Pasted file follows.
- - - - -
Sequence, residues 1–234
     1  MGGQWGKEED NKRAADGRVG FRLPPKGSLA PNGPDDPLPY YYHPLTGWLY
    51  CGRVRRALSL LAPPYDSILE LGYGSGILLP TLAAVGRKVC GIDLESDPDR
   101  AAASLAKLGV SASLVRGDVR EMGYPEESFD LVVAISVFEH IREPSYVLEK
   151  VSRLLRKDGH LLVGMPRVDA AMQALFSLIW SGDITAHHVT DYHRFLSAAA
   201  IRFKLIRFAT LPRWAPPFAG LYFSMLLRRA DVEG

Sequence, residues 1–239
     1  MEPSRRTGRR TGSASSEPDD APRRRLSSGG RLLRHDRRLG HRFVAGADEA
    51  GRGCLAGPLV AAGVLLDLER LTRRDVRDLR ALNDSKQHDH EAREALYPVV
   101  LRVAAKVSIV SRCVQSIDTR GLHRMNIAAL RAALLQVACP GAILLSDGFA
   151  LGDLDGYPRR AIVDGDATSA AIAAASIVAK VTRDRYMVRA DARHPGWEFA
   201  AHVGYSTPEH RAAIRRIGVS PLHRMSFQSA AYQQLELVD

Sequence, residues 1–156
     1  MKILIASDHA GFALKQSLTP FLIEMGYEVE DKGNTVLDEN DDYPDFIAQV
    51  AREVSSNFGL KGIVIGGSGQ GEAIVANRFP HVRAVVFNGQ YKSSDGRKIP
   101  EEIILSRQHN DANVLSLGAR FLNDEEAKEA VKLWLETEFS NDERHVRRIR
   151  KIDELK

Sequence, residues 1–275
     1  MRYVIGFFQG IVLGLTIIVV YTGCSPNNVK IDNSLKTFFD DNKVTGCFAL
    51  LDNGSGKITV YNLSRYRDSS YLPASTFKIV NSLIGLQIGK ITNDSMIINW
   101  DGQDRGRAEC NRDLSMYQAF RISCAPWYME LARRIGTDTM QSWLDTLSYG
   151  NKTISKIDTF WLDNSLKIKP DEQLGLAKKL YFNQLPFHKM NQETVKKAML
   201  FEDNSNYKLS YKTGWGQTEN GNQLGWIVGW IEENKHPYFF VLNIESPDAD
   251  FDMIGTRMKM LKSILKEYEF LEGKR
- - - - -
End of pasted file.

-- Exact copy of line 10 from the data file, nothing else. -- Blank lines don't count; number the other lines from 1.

   101  LRVAAKVSIV SRCVQSIDTR GLHRMNIAAL RAALLQVACP GAILLSDGFA